Comics, a term sometimes used interchangeably with cartoon, sequential art, and graphic fiction, encompasses an incredibly varied body of work. Attempts to define comics have had to grapple with the fact that comic art partners words and images in vastly different ways (from purely pictorial sequences to segmented texts with corresponding illustrations). What’s more, comics encompasses a variety of genres (fiction, nonfiction, essay, autobiography, biography, historical, journalism, “art comics,” etc.), and is disseminated in a number of different forms (web comics, comics blogs, comic strips in newspapers or magazines, comic books, and graphic novels). Comics also range from what might be called “low brow” production to self-consciously literary and artistic work. Chris Ware has called comics a “convergence of seeing and reading,” and Art Spiegelman has termed it “writing with pictures” (Brunetti, 7). Scott McCloud’s treatise on comics and its characteristics, Understanding Comics, has become something of a classic text for critical work on comics. McCloud defines comics as “juxtaposed pictorial and other images in deliberate sequence, intended to convey information and/or to produce an aesthetic response in the viewer” (20). This definition, McCloud notes, excludes single-panel images such as "Family Circus" or "The Far Side," many of which would normally be termed comics. He argues that such images are more properly termed cartoons; comics is a language, and happens when two or more panels work together to contribute to a whole. Some scholars reject the term comics itself, observing that not all graphic storytelling is necessarily humorous. Analyses of comics and artists’ reflections do agree on one point: comics is not simply words working alongside pictures, and it’s not “really” writing or “really” art. Comics is neither and both simultaneously—a medium in its own right. Ivan Brunetti has expressed this idea by saying that rather than being a mixture of words and pictures, comics is an emulsion (7).
McCloud traces the history of comics back to works such as the Bayeux Tapestry, which uses text and images to narrate the Battle of Hastings in a series of episodes.
Other examples include Egyptian tomb paintings, Trajan’s Column, European stained glass narratives, and William Hogarth’s “A Harlot’s Progress,” but the man most often cited as the father of modern comics is Rodolphe Töpffer, who in the mid-1800s used words and images interdependently to create what he called “picture stories.” The first of these satirical stories, Histoire de M. Vieux Bois, consisted of 30 pages which each contained up to six captioned panels. British satirical and caricature magazines continued to distribute the comics form, and just before the turn of the 20th century, newspapers began publishing “the funnies” regularly. Especially popular during this era was “Hogan’s Alley” and “Li’l Abner”(Sabin 133-4). In 1929, Adventures of Tin-Tin debuted in Belgium. Beginning in the 1930s, superhero comics such as Superman, Batman, and Flash Gordon became widely popular in America as well as in Europe.
After World War II, Japanese manga artists began developing a distinct national style of comics narrative. In the 1960s and 1970s, artists such as Robert Crumb and Art Spiegelman developed underground comics (or comix) that approached the medium in experimental ways and dealt with darker or more taboo subject matter than superhero and newspaper comics did. Recent “art comics” continue this tradition, often producing comics that narrate scenes from ordinary life, addressing themes of alienation, relationships, politics, and memory.
In the 1960s, pop artists adopted a comics aesthetic by using the Benday dots, halftone techniques, primary colors, and bold lines common in mass-produced comics. Pop art arose when a number of artists became interested in the images of mass media, advertising, comics and consumer products. Roy Lichtenstein, one of Pop Art’s emblematic figures, reportedly had the idea to paint using the visual language of comics when his son pointed to a pulp comic of Mickey Mouse and challenged him that surely, he couldn’t paint as well as that (Lucie-Smith 320). Lichtenstein used a comics aesthetic to produce canvases that seemingly represented an isolated panel in a larger story typical to mass culture comics, as in Whaam!; later, Lichtenstein used the same aesthetic to represent the fine arts as a subject matter, as in Brushstroke with Splatter, which shows the creation of a gestural abstract expressionist painting.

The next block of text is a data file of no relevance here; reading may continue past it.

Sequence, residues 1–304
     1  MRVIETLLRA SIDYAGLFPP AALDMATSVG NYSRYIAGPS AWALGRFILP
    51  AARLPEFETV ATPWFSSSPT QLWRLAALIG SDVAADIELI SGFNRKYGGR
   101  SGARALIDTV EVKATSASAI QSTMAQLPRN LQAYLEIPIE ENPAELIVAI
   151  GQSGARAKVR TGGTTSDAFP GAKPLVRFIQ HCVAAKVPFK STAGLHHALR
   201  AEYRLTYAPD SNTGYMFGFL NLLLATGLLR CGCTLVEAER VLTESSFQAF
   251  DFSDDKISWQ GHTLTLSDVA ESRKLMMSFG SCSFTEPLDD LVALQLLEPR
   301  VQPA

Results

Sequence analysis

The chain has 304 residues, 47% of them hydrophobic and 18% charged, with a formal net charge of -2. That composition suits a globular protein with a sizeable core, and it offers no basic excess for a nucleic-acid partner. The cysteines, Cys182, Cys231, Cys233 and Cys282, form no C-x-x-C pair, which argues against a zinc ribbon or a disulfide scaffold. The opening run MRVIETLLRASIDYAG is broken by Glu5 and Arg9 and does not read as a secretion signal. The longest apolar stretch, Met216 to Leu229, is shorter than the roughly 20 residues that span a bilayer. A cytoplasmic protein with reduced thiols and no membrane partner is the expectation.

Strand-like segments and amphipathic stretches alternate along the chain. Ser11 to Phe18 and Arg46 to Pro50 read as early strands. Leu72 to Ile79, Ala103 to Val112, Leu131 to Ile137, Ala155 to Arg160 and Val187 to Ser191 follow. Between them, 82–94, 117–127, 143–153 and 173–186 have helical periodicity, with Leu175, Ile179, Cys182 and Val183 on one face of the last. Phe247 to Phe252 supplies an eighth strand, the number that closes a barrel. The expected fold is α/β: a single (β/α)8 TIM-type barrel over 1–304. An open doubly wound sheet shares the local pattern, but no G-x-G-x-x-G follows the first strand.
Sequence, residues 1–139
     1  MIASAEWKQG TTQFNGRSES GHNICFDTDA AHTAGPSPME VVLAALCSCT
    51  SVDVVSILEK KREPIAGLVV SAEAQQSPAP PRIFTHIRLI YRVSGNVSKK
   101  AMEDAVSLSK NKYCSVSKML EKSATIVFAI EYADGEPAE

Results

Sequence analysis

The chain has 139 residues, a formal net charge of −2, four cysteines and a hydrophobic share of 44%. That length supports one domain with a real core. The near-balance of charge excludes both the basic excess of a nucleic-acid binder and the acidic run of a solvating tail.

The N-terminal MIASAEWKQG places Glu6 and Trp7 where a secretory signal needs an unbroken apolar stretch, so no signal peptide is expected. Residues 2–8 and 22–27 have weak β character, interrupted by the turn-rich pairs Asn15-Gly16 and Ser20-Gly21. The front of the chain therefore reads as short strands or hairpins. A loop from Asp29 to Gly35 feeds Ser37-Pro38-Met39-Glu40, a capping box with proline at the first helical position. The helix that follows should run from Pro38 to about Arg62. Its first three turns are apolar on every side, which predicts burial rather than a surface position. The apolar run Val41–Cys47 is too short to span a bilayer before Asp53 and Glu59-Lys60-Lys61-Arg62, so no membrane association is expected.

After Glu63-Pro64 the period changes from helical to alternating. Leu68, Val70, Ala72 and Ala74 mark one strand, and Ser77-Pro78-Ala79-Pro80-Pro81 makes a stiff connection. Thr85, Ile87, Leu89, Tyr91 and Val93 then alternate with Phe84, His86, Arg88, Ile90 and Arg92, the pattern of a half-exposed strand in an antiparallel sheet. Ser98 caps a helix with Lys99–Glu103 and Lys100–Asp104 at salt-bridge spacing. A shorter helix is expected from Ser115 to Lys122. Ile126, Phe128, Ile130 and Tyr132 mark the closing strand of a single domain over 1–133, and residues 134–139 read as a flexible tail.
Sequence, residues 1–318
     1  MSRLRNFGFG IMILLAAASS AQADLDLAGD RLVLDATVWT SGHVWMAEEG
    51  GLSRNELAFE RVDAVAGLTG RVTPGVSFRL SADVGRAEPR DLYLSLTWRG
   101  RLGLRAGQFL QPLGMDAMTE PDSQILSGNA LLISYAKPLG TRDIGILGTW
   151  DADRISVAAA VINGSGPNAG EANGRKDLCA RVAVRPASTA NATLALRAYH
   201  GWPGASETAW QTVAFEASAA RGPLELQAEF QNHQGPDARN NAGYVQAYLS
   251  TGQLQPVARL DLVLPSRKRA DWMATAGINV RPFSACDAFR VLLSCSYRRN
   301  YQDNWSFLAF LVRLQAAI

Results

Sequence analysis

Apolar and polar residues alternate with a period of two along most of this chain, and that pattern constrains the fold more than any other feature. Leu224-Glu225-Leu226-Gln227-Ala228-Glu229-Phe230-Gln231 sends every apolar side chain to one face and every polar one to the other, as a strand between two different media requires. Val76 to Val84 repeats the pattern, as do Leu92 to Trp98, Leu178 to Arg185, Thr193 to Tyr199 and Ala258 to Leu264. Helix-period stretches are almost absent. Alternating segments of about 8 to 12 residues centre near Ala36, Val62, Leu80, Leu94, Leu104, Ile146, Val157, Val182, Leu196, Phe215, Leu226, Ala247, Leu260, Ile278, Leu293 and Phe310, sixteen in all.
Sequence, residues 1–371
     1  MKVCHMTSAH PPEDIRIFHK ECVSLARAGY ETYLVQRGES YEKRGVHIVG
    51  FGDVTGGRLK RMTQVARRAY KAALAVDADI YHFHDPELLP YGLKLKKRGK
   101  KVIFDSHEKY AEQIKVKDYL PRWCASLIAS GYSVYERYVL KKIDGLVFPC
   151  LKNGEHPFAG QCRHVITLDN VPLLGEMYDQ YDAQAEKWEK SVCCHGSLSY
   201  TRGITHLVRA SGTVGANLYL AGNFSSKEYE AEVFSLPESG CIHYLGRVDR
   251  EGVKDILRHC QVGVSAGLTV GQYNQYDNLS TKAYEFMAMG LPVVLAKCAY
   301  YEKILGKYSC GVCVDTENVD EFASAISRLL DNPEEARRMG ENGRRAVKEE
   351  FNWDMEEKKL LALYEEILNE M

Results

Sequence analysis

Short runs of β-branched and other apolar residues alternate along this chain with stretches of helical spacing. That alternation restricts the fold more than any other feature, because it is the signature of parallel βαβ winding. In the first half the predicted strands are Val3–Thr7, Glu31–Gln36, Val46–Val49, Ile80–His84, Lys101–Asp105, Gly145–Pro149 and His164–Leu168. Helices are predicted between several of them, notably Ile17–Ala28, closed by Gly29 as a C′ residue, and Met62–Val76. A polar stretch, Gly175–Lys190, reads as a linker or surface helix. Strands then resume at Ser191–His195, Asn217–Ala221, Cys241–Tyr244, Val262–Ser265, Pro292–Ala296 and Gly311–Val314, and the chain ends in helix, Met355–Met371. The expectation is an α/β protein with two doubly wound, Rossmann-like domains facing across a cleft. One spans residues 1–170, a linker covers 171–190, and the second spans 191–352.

Pop Art saw mainstream “pulp” comics as a particularly fascinating example of mass-produced cultural objects—Lichtenstein and other artists were interested in comics mostly for its surface aesthetics and its cultural status as kitsch as opposed to fine art.
While certain comics certainly function as emblematic of kitsch and mass media in the American imaginary, as a medium, comics holds much more potential and range than a particular surface-level aesthetic. Very recently, comics fans and scholars have concentrated on articulating the ways in which comics functions as a medium. One characteristic of the comics medium is its exploitation of the cartoon—that is, the pared-down, abstracted representation. McCloud notes that comics artists have a range of representation to work with, which varies from the extremely realistic pictorial representation that closely resembles nature, to the less detailed, schematic cartoon, and even to the most abstract meaning-producing configurations of ink on paper: words. He uses realistic and iconic to denote the two ends of this spectrum. Furthermore, McCloud argues that the cartoon, by virtue of its greater iconicity and abstraction, is something we are compelled to identify with. “By de-emphasizing the appearance of the physical world in favor of the idea of form, the cartoon places itself in the world of concepts,” McCloud explains, “Through traditional realism, the comics artist can portray the world without—and through the cartoon, the world within” (41). Comics artists have exploited this correlation between the realistic/objective and the iconic/subjective in effective ways: main characters with whom one is to identify are often drawn more schematically, as a cartoon; on the other hand, other characters or villains can be drawn in great detail, which has the effect of objectifying them as “other.” Likewise, when a setting is particularly important to the storyline, as in Tin-Tin’s world adventures, the background can be drawn in great detail, while the characters are drawn more simply to assist reader-identification.